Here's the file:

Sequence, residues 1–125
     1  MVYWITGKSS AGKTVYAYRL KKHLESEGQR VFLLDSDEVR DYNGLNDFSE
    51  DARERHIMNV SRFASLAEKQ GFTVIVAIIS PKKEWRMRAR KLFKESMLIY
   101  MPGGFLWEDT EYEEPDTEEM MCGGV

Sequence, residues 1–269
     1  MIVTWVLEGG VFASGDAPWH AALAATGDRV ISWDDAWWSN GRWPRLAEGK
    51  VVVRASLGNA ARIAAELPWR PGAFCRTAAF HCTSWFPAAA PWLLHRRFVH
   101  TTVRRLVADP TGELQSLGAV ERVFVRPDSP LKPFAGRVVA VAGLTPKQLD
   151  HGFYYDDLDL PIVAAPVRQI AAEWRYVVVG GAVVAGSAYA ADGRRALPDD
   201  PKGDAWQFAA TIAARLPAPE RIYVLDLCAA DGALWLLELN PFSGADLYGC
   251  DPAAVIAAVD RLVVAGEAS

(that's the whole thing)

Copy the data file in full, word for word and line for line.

Sequence, residues 1–125
     1  MVYWITGKSS AGKTVYAYRL KKHLESEGQR VFLLDSDEVR DYNGLNDFSE
    51  DARERHIMNV SRFASLAEKQ GFTVIVAIIS PKKEWRMRAR KLFKESMLIY
   101  MPGGFLWEDT EYEEPDTEEM MCGGV

Sequence, residues 1–269
     1  MIVTWVLEGG VFASGDAPWH AALAATGDRV ISWDDAWWSN GRWPRLAEGK
    51  VVVRASLGNA ARIAAELPWR PGAFCRTAAF HCTSWFPAAA PWLLHRRFVH
   101  TTVRRLVADP TGELQSLGAV ERVFVRPDSP LKPFAGRVVA VAGLTPKQLD
   151  HGFYYDDLDL PIVAAPVRQI AAEWRYVVVG GAVVAGSAYA ADGRRALPDD
   201  PKGDAWQFAA TIAARLPAPE RIYVLDLCAA DGALWLLELN PFSGADLYGC
   251  DPAAVIAAVD RLVVAGEAS